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Trinity #2

Posted: Thursday, June 12, 2008
By: Jim Beard

Kurt Busiek, Fabian Nicieza
Mark Bagley, Tom Derenick (p), Art Thibert, Wayne Faucher (i)
DC Comics
Welcome back, pilgrims. The door is always open for you. Come in and we shall talk of Good Things.

Godhead: I just finished reading Trinity #2. Literally, just finished reading it. I usually like to go with what my gut says immediately upon finishing a book, and today my gut says, "It is good." Trinity is a super-hero book, plain and simple, and while many may criticize it for that, I say that its creators are championing this particular cause, showing us that a super-hero book can be a fine thing indeed – and well-crafted. This book is both.

It's Heaven: A clear statement of intention is what I believe you get here in issue #2. Busiek intends to tell a story from beginning to end and make it worth your while every week. This issue lays down three separate situations or challenges for our trio, rolled out by our villains. For Superman and Batman, they require a bit of thought, which is nice to see on Superman's part, yet for Wonder Woman all that's required is some muscle. Everything's handled neatly and tidily. If you thrill to your heroes doing that which makes them heroes, this is for you.

The Nicieza storyline is also handled well, and I must compliment both writers for folding their parts together in an interesting manner. They give the sense that the two are both separate yet connected; one flows off the other yet with its own path, and Nicieza's end is also Busiek's. I was nonplussed by Konvikt and Graak last issue, but I'll admit to being intrigued by the brief hints of Konvikt's "honor," a lost love, and Graak's annoying yet amusing ego. Here's hoping we don't have another Jar-Jar on our hands.

Also – Derenick is God. S'all I’m sayin'. Peace out.

Extra-credit for the story titles, too.

In Purgatory: I also admit to a good dose of "meh" over the use of apparent "alternate realities." It's been said by others that Busiek uses alternate realities far too often, and I'm afraid at this juncture I agree, to an extent. I personally feel as if the "real" DCU is so incredibly fascinating that alternate versions are unnecessary and now, with the profusion of universes, superfluous and tiring. I can hold out and see what's happening here but with the first two issues coming on strong with "twisted" realities, but after Busiek's Arion story arc in Superman, I'm feeling some major burn-out on that score. It could also turn me off to this series. Alas, we'll see – and Kurt almost always manages to make these sorts of "what could be" rich and detailed.

From Hell: Last week I said Busiek was a master of nailing a character with a few simple lines of dialogue of an impactful panel; today I say he stretched things a bit too far in the explanation department. A bit too far, mind you. Just a bit. Superman and Wonder Woman's tête-à-tête after the robot smashing seemed somewhat forced and with both of them insisting on using each other's codenames with no one else around, the scene lost its punch for me. It felt as if Diana didn't truly know Clark – or vice versa. With the familiarity of last issue's coffee-clatch, this came off as a sour note. There must be a better way to get explanations across; Busiek's a pro at this, and I know he can do better.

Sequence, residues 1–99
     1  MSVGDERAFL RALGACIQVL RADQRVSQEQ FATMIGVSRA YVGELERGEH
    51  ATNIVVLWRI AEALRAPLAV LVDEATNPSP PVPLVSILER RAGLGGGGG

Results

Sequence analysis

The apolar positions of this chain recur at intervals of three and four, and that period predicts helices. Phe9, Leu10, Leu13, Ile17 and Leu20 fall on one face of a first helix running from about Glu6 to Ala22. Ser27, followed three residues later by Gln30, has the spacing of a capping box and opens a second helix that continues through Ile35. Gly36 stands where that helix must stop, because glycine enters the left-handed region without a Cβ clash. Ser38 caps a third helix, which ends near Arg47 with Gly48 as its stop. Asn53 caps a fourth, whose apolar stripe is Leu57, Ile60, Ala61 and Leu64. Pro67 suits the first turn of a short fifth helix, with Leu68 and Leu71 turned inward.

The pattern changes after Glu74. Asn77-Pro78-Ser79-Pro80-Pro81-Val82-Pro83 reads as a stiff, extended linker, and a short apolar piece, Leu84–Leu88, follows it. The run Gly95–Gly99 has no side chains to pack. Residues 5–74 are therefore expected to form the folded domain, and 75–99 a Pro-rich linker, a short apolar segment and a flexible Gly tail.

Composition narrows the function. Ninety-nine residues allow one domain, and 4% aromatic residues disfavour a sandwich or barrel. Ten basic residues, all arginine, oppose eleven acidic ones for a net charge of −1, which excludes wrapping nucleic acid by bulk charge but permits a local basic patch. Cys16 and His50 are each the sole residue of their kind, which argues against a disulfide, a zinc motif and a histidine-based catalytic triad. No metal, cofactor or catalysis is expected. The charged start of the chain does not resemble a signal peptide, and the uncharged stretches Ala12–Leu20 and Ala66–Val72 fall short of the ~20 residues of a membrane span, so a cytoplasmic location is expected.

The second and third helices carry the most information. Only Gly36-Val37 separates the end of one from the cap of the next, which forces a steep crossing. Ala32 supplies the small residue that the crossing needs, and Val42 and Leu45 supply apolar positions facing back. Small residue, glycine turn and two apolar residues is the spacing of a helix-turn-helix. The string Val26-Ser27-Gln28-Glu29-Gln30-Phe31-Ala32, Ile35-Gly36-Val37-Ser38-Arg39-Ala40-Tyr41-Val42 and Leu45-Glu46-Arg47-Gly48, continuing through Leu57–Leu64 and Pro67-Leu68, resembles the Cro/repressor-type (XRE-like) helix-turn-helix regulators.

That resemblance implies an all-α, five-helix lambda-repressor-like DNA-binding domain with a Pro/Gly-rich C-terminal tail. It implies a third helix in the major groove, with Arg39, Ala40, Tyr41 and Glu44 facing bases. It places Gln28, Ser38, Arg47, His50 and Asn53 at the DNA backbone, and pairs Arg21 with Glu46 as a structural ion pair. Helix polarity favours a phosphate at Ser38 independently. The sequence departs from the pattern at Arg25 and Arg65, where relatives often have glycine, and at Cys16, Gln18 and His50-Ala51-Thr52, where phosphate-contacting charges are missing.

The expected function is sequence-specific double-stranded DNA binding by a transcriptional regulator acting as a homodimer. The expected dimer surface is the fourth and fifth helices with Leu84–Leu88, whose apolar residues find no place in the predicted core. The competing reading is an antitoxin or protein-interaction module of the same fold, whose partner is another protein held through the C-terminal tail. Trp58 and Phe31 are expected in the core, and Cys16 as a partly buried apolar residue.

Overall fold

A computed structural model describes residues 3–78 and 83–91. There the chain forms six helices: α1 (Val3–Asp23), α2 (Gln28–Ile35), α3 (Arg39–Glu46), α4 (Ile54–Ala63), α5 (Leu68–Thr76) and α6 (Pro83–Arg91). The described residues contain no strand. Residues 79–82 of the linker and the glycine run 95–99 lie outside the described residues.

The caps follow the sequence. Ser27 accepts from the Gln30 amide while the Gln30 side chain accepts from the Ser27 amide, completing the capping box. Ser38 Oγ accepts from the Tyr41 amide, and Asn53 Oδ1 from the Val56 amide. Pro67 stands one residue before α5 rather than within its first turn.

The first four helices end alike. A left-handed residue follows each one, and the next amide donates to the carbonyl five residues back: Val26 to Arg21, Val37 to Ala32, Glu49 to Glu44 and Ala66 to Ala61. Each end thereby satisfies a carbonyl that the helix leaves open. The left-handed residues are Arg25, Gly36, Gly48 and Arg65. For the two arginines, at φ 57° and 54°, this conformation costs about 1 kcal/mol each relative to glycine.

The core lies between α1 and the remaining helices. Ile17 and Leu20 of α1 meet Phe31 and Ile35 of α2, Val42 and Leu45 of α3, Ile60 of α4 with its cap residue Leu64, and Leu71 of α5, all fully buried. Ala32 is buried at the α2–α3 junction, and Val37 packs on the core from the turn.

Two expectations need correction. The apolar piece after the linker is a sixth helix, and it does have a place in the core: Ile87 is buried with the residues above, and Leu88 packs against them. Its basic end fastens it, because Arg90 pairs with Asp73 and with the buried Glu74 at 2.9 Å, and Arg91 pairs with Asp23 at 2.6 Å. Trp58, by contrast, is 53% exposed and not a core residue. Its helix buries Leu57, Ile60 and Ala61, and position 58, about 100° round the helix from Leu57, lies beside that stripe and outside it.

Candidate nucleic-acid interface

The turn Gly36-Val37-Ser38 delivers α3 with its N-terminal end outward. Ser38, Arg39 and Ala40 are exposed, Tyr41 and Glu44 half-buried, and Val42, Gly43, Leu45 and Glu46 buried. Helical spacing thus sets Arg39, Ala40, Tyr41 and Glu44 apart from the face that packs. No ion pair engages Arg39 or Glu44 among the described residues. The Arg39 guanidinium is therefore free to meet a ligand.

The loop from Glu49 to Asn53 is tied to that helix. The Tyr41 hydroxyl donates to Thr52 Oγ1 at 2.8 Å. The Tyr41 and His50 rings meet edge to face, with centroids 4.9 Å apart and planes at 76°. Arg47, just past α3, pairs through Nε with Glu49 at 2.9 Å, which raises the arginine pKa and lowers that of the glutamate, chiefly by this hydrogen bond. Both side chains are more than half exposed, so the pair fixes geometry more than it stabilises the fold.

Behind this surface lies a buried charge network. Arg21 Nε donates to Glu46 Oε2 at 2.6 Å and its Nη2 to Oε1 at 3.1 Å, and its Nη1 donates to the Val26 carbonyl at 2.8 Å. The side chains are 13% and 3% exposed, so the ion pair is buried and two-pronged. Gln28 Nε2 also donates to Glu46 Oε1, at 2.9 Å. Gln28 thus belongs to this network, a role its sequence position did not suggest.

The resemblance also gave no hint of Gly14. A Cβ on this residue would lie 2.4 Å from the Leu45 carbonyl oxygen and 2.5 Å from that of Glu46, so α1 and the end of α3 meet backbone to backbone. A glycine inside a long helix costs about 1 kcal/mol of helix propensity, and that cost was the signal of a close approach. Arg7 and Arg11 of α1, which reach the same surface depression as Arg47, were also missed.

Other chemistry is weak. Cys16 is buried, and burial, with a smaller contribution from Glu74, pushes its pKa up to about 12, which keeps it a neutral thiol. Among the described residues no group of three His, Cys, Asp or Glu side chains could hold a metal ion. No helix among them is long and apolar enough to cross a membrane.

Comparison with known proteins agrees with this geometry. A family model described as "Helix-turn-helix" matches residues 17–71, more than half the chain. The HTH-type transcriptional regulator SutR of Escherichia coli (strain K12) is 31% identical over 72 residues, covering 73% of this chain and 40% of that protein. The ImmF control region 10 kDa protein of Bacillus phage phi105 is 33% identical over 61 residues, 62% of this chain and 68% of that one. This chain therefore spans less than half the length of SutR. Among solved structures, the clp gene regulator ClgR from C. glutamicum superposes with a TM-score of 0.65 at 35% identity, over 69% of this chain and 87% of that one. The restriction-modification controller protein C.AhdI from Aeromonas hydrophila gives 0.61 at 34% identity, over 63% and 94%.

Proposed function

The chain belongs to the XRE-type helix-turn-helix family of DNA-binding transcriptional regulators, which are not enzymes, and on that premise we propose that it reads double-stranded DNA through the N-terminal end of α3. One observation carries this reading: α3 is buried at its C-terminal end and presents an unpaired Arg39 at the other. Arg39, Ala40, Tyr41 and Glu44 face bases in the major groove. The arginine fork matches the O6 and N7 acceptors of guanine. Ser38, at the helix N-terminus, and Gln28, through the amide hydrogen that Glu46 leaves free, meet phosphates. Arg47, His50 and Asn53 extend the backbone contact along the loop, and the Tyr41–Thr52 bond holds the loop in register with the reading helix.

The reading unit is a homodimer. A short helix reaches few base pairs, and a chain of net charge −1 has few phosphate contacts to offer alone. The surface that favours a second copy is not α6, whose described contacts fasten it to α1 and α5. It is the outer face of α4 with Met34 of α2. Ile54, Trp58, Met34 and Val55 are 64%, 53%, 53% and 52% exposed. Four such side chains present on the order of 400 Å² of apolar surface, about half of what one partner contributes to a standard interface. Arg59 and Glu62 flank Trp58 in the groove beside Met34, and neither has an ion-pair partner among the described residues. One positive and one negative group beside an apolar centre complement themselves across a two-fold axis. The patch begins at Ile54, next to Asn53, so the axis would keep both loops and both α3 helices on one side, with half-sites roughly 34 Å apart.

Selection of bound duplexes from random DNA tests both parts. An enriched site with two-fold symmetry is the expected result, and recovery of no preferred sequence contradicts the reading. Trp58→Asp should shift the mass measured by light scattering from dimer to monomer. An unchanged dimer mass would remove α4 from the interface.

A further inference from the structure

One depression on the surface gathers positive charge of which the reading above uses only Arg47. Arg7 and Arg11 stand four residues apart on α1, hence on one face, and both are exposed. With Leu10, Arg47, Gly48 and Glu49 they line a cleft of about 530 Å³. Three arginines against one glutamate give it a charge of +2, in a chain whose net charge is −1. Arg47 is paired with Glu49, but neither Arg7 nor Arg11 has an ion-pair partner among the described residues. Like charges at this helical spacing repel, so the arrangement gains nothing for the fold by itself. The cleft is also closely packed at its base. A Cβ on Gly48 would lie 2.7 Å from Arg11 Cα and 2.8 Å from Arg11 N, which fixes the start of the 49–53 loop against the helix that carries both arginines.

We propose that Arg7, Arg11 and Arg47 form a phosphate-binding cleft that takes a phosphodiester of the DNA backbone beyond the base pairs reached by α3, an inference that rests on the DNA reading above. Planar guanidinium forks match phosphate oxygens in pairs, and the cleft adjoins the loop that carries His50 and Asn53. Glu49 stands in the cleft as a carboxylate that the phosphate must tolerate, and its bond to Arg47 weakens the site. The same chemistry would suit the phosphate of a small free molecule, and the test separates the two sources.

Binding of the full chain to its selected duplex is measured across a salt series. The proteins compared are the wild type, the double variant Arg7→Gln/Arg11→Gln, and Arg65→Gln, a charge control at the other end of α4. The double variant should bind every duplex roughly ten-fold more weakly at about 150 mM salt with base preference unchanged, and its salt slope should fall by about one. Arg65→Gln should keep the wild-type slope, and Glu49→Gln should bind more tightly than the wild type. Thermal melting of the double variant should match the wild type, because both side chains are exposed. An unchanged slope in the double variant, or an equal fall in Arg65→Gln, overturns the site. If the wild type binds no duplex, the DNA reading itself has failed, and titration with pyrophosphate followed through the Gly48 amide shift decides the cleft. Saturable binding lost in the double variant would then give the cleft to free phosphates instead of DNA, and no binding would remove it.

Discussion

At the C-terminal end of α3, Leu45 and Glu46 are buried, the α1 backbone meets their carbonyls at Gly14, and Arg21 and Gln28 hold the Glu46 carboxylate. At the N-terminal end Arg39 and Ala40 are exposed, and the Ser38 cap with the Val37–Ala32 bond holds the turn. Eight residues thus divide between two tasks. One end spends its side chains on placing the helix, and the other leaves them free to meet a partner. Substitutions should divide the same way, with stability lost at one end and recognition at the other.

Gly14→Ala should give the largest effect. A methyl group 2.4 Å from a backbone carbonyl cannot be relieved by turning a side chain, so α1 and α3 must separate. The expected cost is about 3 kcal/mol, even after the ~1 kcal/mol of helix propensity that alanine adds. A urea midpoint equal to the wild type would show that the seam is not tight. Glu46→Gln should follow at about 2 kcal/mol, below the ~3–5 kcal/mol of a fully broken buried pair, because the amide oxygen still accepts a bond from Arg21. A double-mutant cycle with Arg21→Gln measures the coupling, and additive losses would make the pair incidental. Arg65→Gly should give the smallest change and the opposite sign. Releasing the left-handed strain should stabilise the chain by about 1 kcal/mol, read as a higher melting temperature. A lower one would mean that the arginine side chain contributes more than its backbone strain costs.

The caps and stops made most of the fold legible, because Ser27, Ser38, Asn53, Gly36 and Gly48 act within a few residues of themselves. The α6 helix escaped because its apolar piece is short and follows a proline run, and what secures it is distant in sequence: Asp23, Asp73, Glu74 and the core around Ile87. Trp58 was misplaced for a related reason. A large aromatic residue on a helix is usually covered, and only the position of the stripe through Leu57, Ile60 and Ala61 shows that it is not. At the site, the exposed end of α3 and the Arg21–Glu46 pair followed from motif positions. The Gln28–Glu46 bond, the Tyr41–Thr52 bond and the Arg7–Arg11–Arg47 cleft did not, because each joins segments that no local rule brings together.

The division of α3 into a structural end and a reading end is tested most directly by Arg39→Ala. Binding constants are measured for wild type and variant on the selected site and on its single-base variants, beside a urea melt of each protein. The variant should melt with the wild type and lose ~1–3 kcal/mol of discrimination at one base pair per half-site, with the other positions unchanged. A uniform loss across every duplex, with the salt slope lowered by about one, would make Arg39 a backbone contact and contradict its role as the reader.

Superman Ascending: I think Busiek made a great point about the character of Superman this week without actually spelling it out. Here's what I came away with: Superman is reckless. He takes too much for granted, which one can assume would be true with a superior being such as Clark. He flies straight into the miniature sun assuming he'd be supercharged by it, but once inside, realizes that he's most likely wrong. He does this sort of thing a lot, I think. Think about it: Superman's not the analytical thinker Batman is; he doesn't have to be. He's Superman. In many ways he's a big kid who jumps into the fire and expects to come away unscathed. And he often accomplishes what needs to be accomplished. It's subtle here but rewarding if you ponder it.

Batman Ascending: Morgaine says something terribly valuable about Batman – she calls him a "costumed acrobat" and dismisses him. That's Batman's ultimate power. He walks shoulder to shoulder with gods and people underestimate him, and then he turns around and beats them at their game. Almost every single time. I don't mind "uber-Bat" like some people – I usually dig it. Makes an entire mystic city go bye-bye with a single word? That's my hero. Nice stuff, Kurt.

Wonder Woman Ascending: Above and beyond her heavy-handed explanation of Amazon ways to her friend, Superman, I liked very much that Diana can get off on bashing giant robots. That makes her almost, well, human. Let's hope that by the time this series ends I'm a Wonder Woman fan who's buying and reading her book. Wouldn't that be something?

Dogma: Call me sentimental, but it's still a planet to me." Preach on, Brother Fabian! I almost stood up and cheered when I read that – for once I see an unpopular opinion in a comic that I actually agree 110% with. And to me, it makes some kind of sense that an architect like John would feel this way about a cold, lonely little planet that got a very, very, very raw deal. Hail Pluto! Hail John Stewart! Hail Nicieza!

Also, "No pop head, Konvikt!" has got to get some kind of greater exposure. I'm thinking t-shirts, maybe? Wonderful.

Monsignor Wanty: wants to see our trio go into slam-bang action together. How do they fight as a team, with two that can bend steel and one made from just flesh and bone? I'm itchin' to see some big action here. Also, how about that scene of Superman and Batman going to the Batcave? Will we actually get to see that? And will Clark and Diana rag on Bruce's proclivity for cars and trophy cases?



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